Visit Malaysia: Protected Mammals In Malaysia


Malaysia yang terkenal dengan kepelbagaian biodiversiti menjadi tumpuan dan tarikan pelancong dari seluruh dunia. Walau bagaimanapun sekiranya kepelbagaian ini tidak dijaga dan dipelihara, maka tidak mustahil suatu hari nanti ia akan lenyap ditelan zaman. Sehubungan itu, beberapa langkah perlu di ambil bagi melindungi haiwan-haiwan yang kian pupus daripada terus lenyap dari muka bumi.

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Malaysia's civets, otters, weasels, martens and porcupines may not be as well-known as other Malaysian mammals such as the elephant, tiger or tapir with which they share our forests. They are, nonetheless, interesting and often unusual animals, ranging from treetop to aquatic acrobats, from stealthy nocturnal hunters to peaceful vegetarians.
The Yellow-Throated Marten (Martes flavigula) ranks among Malaysia's most elegant and graceful mammals. The Malaysian variant has a brown belly and flanks, while the chest and throat are a striking creamy-white to canary yellow. Its diet includes insects, birds (and their eggs), lizards and amphibians.
The Large Spotted Civet (Viverra megaspila, Blyth) is believed to forage entirely on the ground as it has never been observed on trees. It eats small mammals, eggs and some vegetation. It is a solitary animal and tends to be aggressive towards members of its own species. Large Spotted Civets are found in lowland forests throughout Malaysia and are best spotted at night as they spend the day sleeping in thick vegetation.

The Malay Weasel (Mustela nudipes) is known locally as 'pulasan tanah'. This species can be found in both Peninsular Malaysia and Borneo, although it is never present in large numbers. Although small physically, it is, like most weasels, a fearless predator which tackles birds, mice and frogs. It gives birth to 1-4 young ones.

Malaysia's freshwater and coastal areas, especially mangroves and peat swamp forests, are home to the Hairy-Nosed Otter (Lutra sumatrana, Gray). It feeds on crustaceans and fish, being an excellent swimmer with fully webbed feet. It is rarely encountered, but has been recorded in Penang's waters; there may also be a population in Kuala Gula, Perak. It has been observed that the male likes to take part in the rearing of the young.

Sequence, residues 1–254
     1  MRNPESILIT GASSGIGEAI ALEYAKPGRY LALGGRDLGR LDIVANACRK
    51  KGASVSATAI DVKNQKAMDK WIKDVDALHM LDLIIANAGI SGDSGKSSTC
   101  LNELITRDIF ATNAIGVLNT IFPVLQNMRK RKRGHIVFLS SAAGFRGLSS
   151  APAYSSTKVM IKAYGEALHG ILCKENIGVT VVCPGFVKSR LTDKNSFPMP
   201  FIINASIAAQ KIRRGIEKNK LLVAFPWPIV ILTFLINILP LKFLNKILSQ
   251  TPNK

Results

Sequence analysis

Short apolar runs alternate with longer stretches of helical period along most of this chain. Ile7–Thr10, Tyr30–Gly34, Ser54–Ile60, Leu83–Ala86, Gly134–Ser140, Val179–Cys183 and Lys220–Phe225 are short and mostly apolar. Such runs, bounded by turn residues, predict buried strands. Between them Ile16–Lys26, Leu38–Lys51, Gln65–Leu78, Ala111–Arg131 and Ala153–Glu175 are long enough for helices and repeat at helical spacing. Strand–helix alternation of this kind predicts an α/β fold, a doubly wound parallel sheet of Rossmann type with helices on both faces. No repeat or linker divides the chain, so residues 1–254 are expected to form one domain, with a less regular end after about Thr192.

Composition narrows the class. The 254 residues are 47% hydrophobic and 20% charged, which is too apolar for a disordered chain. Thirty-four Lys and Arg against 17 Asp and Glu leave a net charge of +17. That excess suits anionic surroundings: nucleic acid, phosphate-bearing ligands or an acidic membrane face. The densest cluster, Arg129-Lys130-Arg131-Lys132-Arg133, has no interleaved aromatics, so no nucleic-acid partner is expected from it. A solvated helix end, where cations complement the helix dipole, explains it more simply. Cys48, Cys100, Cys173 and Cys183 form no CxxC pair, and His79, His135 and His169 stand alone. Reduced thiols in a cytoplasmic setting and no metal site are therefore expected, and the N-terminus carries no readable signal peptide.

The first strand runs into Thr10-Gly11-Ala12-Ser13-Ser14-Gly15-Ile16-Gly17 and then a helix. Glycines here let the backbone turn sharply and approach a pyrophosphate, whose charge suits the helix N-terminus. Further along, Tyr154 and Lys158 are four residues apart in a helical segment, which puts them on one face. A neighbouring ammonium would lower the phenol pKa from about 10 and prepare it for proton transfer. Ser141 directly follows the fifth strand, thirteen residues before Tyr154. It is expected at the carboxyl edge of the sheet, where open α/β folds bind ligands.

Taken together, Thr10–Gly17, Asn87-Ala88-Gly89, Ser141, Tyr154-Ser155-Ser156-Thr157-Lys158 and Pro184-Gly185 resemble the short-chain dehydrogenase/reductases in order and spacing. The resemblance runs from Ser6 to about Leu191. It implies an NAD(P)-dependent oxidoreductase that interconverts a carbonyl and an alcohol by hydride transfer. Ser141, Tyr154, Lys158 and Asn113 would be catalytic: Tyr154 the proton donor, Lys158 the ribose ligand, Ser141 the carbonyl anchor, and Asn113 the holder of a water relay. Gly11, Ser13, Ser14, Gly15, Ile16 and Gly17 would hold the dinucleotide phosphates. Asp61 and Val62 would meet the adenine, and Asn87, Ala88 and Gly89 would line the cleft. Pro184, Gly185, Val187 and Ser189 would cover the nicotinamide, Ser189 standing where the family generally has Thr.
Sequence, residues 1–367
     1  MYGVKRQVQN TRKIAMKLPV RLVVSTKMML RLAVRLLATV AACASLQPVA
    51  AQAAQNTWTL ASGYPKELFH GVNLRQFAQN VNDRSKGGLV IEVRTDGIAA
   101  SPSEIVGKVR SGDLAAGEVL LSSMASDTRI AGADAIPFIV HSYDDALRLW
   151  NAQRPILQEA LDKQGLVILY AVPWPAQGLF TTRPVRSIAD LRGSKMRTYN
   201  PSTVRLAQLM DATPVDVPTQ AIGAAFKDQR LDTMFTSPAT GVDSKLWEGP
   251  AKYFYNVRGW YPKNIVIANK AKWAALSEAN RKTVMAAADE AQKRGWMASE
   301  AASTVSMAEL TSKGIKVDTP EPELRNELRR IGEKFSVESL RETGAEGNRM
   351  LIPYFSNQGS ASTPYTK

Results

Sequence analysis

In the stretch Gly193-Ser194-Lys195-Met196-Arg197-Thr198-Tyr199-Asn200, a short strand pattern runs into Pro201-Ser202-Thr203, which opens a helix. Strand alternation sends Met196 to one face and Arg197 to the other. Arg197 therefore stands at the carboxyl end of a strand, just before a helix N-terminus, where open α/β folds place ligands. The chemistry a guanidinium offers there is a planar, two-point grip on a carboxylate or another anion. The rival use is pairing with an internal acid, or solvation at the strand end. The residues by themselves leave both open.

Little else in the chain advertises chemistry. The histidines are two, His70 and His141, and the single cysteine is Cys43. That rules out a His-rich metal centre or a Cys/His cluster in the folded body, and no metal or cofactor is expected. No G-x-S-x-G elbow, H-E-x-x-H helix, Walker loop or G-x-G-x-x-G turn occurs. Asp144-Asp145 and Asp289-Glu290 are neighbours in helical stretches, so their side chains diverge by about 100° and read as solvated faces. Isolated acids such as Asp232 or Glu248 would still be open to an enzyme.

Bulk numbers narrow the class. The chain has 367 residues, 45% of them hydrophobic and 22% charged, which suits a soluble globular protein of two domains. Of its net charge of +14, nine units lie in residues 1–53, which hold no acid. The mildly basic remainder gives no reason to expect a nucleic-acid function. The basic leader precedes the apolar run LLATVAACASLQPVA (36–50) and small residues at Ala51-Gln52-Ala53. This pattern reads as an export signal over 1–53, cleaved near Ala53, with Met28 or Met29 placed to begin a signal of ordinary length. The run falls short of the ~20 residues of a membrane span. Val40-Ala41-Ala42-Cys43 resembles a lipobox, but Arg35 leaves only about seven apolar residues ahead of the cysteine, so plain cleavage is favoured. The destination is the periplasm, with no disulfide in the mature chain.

The Long-Tailed Porcupine (Trichys lipura) is the smallest of the four Malaysian porcupine species and can be mistaken at a glance for an oversized rat - until one notices the large tuft of stiff hairs at the end of its long tail. The Large Porcupine (Hystrix brachyura) on the other hand is a large species, growing up to 7 kg in weight. Porcupines are largely nocturnal animals and are peaceful unless provoked by a predator into using their sharp quills in self-defense. Both of these porcupines can be found throughout Peninsular Malaysia, Sabah and Sarawak.

While some of these animals, such as the large Spotted Civet, may still be relatively common, few are privileged enough to see others, like the Hairy-Nosed Otter or Yellow-Throated Marten, in the wild. These mammal species are all protected by law, in order to conserve a truly worthwhile part of Malaysia's natural heritage. Long may they endure.

Sumber: Google. 

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